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# Hidden dimensions

### by Marianne Freiberger

*The shape of inner space*(co-authored by Steve Nadis) Yau describes how the strange geometrical spaces he discovered turned out to be just what theoretical physicists needed in their attempt to build a theory of everything.

*Plus*met up with Yau on his recent visit to London, to find out more.

### Curvature and gravity

*spacetime*, made up of the three spatial dimensions we're used to and an extra dimension for time. His revolutionary insight was that gravity wasn't some invisible force that propagated through spacetime, but a result of massive bodies distorting the very fabric of spacetime. A famous analogy is that of a bowling ball sitting on a trampoline, which creates a dip that a nearby marble will roll into. According to general relativity, massive objects like stars and planets warp spacetime in a similar way, and thus "attract" other bodies that pass nearby.

*curvature*of spacetime. This had been around since the 19th century, when the mathematician Carl Friedrich Gauss and after him his brilliant student Bernhard Riemann had come up with ways of measuring the curvature of an object from the "inside": they no longer needed to refer to a larger space the object might be sitting in. This intrinsic concept of curvature was just what Einstein needed.

### Gravity in a vacuum?

*topology*. Topology is blind to exact measurements and only captures the overall form of an object. A sphere and a deflated football, for example, are very different geometrically, but they are topologically the same because one can be transformed into the other without any tearing or cutting. Similarly, topology regards a doughnut and a coffee cup as equivalent, because one can be morphed into the other. What differentiates the doughnut from a sphere is the fact that it has a hole.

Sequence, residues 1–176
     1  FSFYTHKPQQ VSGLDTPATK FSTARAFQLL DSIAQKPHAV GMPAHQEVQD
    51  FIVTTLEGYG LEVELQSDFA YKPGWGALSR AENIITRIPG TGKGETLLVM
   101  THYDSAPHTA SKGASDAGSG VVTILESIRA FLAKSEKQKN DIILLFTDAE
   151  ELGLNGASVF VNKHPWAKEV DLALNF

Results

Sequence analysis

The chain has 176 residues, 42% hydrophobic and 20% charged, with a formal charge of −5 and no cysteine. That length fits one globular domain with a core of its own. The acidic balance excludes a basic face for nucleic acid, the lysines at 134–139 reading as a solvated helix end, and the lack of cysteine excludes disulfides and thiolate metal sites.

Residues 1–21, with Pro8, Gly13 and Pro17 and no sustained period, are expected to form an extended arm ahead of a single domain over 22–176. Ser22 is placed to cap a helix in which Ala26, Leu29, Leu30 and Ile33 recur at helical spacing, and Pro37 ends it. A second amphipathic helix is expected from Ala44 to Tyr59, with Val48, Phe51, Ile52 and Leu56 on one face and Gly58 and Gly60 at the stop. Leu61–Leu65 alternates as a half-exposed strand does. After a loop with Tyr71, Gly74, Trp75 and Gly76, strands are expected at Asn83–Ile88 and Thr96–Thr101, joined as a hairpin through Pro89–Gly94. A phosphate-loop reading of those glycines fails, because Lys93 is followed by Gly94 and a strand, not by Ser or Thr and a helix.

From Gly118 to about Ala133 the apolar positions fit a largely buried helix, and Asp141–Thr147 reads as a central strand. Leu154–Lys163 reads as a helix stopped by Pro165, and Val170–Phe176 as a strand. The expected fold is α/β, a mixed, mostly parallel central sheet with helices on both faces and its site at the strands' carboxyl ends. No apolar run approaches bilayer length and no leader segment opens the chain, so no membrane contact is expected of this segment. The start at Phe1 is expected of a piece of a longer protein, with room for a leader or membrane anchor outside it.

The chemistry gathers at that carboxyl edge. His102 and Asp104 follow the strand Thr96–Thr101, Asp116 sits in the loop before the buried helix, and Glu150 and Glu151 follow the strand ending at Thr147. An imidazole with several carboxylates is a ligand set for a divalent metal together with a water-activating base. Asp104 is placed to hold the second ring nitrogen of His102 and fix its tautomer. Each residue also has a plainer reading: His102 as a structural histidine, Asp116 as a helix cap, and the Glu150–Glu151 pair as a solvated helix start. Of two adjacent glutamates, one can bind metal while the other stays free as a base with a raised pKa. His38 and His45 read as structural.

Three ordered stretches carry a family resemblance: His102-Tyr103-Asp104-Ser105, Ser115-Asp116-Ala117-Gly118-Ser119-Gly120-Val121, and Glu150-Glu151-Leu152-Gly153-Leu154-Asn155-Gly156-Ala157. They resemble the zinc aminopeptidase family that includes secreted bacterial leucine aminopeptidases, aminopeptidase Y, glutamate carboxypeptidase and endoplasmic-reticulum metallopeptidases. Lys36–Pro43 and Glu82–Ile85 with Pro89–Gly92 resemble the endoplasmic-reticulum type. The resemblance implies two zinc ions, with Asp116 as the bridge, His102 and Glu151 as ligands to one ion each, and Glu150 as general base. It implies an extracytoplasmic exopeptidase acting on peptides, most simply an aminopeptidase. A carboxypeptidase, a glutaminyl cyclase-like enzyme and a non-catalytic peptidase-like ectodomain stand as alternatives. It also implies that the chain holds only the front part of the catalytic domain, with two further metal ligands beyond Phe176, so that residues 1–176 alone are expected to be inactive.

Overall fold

### Calabi's question

*manifolds*. These are objects that when viewed from up close, look like the ordinary "flat" space (called

*Euclidean space*) we are used to. Spheres and doughnuts, for example, locally look like the flat 2D plane. If you're small enough, you won't notice their curvature, or whether there's a hole in them. You can easily draw a map of a patch of the sphere or doughnut on a flat piece of paper. So these are both 2D manifolds, also called surfaces.

*compact*: you'd only need a finite number of 2D maps to cover them. This means that they are finite in extent. Given a doughnut or sphere, you can always find a box to fit it into, even if it has to be a very big box.

*Ricci curvature*at the point you're looking at. Since it's an average, Ricci curvature only captures one component of the full notion of curvature as defined by Riemann. This means that a manifold can have zero Ricci curvature at every point without being flat (or having zero Riemannian curvature) overall. In terms of physics, the component captured by Ricci curvature happens to be just the one that describes the curvature of spacetime that's induced by matter being present. So a space with zero Ricci curvature corresponds to a space with no matter — a vacuum in other words.

*vanishing first Chern class*.

*complex manifolds*: the maps that chart them preserve angles and the manifolds display a certain local symmetry. (The term

*complex*refers to the fact that locally the manifolds look similar not just to plain old Euclidean space, but to something called complex space. In two dimensions this is just the complex plane you might be familiar with if you've studied complex numbers.) Being Kähler makes a manifold accessible to powerful mathematical machinery and also endows it with a special kind of symmetry.

### Yau's answer

*Calabi-Yau manifolds*.

### Hiding dimensions

^{-30}cm. That's more than a quadrillion times smaller than an electron. But there are other reasons too. To be consistent with the understanding of physics at the time, the manifolds harbouring the hidden dimensions had to have zero Ricci curvature. What is more, string theory assumes a special kind of symmetry, called

*supersymmetry*, which makes special demands of the geometry of spacetime. These demands make Calabi-Yau manifolds (with their special Kähler symmetry) excellent candidates for string theory, although we still don't know whether they are the only possible solution to the dimensional conundrum.

### String future

*mirror symmetry*(rather misleadingly, since it's much more complicated that its name suggests).

### About the author

*Plus*.

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